- A condensed statement of financial position
- A condensed statement of comprehensive income, presented as either (1) A condensed single statement, or (2) A condensed separate income statement and a condensed statement of comprehensive income
- A condensed statement of changes in equity
- A condensed statement of cash flows
- A set of selected footnote disclosures
Form and Content Requirements For Interim Financial Statement
IAS 34 sets forth five requirements in relation to form and content of interim financial statements:
- IAS 34 mandates that if an entity chooses to present the “complete set of (interim) financial statements” instead of opting for the allowed method of presenting only “condensed” interim financial statements, then the form and content of those statements should conform to the requirements set by IAS 1 for a complete set of financial statements.
- However, if an entity opts for the condensed format approach to interim financial reporting, IAS 34 requires that, at a minimum, those condensed financial statements include each of the headings and the subtotals that were included in the entity’s most recent annual financial statements, along with selected explanatory notes, as prescribed by the Standard.
- IAS 34 requires disclosure of earnings per share (both basic EPS and diluted EPS) on the face of the interim income statement. This disclosure is mandatory whether condensed or complete interim financial statements are presented.
- IAS 34 mandates that an entity should follow the same format in its interim statement showing changes in equity as it did in its most recent annual financial statements.
- IAS 34 requires that an interim financial report be prepared on a consolidated basis if the entity’s most recent annual financial statements were consolidated statements. Regarding presentation of separate interim financial statements of the parent company in addition to consolidated interim financial statements, if they were included in the most recent annual financial statements, this Standard neither requires nor prohibits such inclusion in the interim financial report of the entity.
IAS 34 includes a list of 10 minimum disclosures required to accompany the condensed interim financial statements, which are outlined next:
- A statement that the same accounting policies and methods of computation are applied in the interim financial statements compared with the most recent annual financial statements, or if those policies or methods have changed, a description of the nature and effect of the change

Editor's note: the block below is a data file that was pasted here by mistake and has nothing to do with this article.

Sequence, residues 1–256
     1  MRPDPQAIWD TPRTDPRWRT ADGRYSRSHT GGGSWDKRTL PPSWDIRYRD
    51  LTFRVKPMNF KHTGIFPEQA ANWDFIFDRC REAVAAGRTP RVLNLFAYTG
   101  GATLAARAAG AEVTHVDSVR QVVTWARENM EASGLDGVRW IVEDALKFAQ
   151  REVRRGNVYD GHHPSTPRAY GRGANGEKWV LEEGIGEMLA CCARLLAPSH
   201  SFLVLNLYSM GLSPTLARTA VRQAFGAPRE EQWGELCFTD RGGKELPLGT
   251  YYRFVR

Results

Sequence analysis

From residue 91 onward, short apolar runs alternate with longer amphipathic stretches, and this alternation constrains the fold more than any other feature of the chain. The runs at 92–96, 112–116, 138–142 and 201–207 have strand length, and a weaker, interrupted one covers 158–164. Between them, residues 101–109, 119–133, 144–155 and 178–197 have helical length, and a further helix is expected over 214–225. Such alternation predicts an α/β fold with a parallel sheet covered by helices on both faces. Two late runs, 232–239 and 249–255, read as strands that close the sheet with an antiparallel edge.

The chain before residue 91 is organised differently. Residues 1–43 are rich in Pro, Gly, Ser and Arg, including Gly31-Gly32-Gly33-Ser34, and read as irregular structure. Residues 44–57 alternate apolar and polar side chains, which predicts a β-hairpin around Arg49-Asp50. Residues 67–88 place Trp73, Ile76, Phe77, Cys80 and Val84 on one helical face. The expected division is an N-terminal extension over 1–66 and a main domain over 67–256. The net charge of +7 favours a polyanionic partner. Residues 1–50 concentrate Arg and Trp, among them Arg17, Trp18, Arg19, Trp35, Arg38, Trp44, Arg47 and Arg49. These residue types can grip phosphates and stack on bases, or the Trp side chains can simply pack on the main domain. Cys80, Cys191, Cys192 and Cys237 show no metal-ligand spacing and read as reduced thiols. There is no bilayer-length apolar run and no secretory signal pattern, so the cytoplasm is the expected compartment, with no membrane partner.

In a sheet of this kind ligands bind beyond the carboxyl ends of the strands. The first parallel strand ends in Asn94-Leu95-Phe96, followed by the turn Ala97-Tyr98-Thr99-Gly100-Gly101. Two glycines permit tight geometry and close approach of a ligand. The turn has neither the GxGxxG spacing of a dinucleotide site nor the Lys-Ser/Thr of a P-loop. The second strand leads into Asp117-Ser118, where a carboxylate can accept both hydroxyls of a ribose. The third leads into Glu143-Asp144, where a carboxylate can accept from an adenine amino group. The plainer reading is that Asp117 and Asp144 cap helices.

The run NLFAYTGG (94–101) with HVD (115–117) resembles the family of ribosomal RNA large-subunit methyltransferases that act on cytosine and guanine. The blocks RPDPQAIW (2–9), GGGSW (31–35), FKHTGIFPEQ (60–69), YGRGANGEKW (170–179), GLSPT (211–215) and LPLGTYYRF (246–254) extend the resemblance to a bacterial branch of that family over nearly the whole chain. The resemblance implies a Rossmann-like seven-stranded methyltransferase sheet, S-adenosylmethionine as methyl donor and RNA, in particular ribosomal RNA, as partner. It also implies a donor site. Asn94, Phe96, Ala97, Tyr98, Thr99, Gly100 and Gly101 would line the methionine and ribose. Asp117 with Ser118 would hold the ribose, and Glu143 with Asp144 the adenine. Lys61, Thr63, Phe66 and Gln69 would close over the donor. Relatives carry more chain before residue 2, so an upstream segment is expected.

- Explanatory comments about seasonality or cyclicality of interim operations
- The nature and magnitude of significant items affecting interim results that are unusual because of nature, size, or incidence.
- Dividends paid, either in the aggregate or on a per-share basis, presented separately for ordinary (common) shares and other classes of shares
- Revenue and operating result for business segments or geographical segments, whichever has been the entity’s primary mode of segment reporting
- Any significant events occurring subsequent to the end of the interim period
- Issuances, repurchases, and repayments of debt and equity securities
- The nature and quantum of changes in estimates of amounts reported in prior interim periods of the current financial year, or changes in estimates of amounts reported in prior financial years, if those changes have a material effect in the current interim period
- The effect of changes in the composition of the entity during the interim period, such as business combinations, acquisitions, or disposal of subsidiaries, and long-term investments, restructuring, and discontinuing operations
- The changes in contingent liabilities or contingent assets since the most recent annual financial statements IAS 34 provides examples of the disclosures that are required. For instance, an example of an unusual item is “the write-down of inventories to net realizable value and the reversal of such a write-down.”
Finally, in the case of a complete set of interim financial statements, the Standard allows additional disclosures mandated by other IFRS. However, if the condensed format is used, then additional disclosures required by other IFRS are not required.
Year-To-Date (YTD) Requirements